The controversy over legislation that would restrict the use of neonicotinoid pesticides in Oregon has been defused, at least for now.
The original version of the bill, HB 4139, would have classified several chemicals as restricted-use pesticides that can be sprayed only by licensed applicators.
The neonicotinoid pesticides — clothianidin, dinotefuran, imidacloprid and thiamethoxam — have been blamed for harming pollinators.
A proposed amendment to the bill removes the restricted-use classification for these chemicals and instead established a “Task Force on Pollinator Health.”
The proposed amendment and bill are being considered by the House Committee on Agriculture and Natural Resources.
The task force would consist of 10 appointed members, including two legislators, a university specialist, a beekeeper, and representatives of the agricultural and environmental communities, among others.
The group would submit a report to the legislature by October 2014 with recommendations for legislation after studying the effectiveness of existing pesticide regulations and issues related to pollinators.
The amendment is intended to balance the needs of pollinators with people who rely on pesticides, said Rep. Jeff Reardon, D-Happy Valley, who sponsored the bill.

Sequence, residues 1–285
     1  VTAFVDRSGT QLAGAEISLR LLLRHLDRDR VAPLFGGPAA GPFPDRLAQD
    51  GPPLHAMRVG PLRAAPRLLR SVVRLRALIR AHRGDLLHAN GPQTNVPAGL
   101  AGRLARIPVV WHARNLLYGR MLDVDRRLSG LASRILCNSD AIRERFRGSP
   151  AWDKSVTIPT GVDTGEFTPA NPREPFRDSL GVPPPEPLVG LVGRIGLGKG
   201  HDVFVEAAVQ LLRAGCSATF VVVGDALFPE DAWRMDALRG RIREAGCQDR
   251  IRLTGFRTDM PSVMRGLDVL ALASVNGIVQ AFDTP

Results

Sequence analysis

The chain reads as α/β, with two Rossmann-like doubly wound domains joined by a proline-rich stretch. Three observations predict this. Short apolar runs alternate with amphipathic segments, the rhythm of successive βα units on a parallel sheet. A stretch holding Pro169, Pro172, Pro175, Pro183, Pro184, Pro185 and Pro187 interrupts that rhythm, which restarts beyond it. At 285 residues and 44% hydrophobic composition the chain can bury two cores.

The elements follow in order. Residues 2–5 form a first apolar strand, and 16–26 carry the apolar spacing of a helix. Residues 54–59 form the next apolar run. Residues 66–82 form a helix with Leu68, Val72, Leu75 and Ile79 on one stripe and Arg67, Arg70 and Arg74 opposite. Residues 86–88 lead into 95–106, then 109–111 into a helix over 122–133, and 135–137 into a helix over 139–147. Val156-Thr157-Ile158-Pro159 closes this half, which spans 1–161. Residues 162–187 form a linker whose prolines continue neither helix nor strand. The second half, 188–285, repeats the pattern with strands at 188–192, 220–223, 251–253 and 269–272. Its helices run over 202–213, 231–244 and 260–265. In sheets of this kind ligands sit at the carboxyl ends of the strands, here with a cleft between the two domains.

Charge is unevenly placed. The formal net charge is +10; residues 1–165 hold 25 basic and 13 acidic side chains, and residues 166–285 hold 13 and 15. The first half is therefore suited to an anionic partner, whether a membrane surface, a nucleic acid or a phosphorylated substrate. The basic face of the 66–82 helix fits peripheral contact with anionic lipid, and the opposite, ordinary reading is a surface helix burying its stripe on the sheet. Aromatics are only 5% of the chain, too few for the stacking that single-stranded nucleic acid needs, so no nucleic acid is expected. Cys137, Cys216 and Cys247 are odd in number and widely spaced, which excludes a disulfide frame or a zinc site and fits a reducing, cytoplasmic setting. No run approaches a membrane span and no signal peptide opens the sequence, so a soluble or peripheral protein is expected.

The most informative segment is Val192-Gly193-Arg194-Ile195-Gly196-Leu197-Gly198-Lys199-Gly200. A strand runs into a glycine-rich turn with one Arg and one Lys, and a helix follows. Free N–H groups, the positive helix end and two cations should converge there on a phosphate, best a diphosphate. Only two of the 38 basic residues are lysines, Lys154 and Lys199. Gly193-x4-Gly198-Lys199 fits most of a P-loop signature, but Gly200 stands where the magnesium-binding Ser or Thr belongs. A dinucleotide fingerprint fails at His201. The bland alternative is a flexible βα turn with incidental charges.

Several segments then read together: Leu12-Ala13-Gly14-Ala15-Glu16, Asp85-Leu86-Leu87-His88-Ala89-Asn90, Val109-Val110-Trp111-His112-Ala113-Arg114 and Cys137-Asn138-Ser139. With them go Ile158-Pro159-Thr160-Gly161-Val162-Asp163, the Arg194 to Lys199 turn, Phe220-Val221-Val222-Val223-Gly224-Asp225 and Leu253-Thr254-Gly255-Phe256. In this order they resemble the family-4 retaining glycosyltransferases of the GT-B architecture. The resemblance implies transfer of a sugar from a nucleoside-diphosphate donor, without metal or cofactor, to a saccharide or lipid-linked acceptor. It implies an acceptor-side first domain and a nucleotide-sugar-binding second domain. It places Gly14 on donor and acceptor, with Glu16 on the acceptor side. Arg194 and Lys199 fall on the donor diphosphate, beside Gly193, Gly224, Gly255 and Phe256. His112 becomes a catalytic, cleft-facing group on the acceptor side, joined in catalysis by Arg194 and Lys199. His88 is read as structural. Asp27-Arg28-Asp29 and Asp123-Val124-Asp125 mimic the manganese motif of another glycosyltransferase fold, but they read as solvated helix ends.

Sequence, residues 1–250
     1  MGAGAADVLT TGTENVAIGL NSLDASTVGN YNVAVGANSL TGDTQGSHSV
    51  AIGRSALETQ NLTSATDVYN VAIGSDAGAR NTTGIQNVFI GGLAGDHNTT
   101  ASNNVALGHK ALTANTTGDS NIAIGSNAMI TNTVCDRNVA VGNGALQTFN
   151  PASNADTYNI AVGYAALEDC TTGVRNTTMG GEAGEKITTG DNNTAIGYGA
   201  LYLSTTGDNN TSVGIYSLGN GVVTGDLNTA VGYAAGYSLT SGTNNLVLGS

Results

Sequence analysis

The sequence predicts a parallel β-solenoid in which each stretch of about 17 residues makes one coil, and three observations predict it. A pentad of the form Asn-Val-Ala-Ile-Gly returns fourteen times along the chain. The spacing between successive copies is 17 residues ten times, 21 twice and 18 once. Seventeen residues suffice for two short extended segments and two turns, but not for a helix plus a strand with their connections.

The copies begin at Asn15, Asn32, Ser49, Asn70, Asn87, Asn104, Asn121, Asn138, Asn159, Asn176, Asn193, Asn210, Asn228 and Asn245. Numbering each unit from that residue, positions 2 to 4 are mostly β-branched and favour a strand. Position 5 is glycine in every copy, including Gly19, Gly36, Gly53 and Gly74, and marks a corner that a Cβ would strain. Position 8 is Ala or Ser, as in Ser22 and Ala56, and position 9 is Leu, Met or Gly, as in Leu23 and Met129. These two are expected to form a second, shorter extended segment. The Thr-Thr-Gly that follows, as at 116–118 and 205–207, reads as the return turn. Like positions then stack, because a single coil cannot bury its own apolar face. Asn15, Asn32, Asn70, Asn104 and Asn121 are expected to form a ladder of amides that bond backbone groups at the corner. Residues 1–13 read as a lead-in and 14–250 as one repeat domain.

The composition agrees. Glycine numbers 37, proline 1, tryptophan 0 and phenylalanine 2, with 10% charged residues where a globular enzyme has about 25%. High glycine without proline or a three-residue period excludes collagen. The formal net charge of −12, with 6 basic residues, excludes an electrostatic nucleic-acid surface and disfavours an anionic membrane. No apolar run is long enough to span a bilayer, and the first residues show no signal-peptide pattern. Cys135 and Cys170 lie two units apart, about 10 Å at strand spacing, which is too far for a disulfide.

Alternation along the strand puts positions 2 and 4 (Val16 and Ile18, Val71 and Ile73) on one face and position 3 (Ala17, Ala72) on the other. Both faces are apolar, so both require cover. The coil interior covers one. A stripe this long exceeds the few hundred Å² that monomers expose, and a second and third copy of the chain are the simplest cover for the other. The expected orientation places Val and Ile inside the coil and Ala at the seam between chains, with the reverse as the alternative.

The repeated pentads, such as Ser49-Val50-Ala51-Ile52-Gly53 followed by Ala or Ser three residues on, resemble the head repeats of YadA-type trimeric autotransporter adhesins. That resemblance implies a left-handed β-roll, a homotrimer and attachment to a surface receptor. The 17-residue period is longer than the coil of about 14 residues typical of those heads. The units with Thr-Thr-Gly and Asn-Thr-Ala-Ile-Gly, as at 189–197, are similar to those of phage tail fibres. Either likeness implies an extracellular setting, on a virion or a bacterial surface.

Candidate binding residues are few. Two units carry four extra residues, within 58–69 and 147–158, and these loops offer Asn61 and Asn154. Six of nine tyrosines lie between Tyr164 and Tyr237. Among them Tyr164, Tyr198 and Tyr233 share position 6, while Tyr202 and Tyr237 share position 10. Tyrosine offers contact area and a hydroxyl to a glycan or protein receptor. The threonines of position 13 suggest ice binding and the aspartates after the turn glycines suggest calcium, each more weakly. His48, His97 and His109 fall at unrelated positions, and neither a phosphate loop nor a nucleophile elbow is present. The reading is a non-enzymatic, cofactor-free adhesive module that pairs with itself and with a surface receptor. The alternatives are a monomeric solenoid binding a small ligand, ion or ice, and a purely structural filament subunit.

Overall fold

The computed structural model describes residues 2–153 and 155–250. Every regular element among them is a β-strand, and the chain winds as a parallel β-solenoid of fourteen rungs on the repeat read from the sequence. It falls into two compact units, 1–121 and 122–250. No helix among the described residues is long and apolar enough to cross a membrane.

Reardon said it’s been a “good accomplishment” getting a group of “stakeholders” together to discuss the issue.
“My goal all along has been to get a conversation started about how we’re going to address this,” he told Capital Press after a Feb. 11 hearing.
The Oregon Farm Bureau opposed the original language of the bill and remains concerned that the revised version directs the task force to propose legislation, rather than leaving that outcome open-ended, said Katie Fast, vice president of public policy for the group.
Jeff Stone, executive director of the Oregon Association of Nurseries, said reason had prevailed in the amended version of the bill.
“Science needs to come forth here,” he said.
The Oregon League of Conservation Voters supported the original bill and the revised version.
The group is interested in the task force idea but is “hanging on” to the idea that more regulation of neonicotinoid pesticides is necessary, said Christy Splitt, its external affairs director.
Several die-offs of pollinators from neonicotinoids occurred when the applicators used the pesticides according to label directions provided by the U.S. Environmental Protection Agency, she said.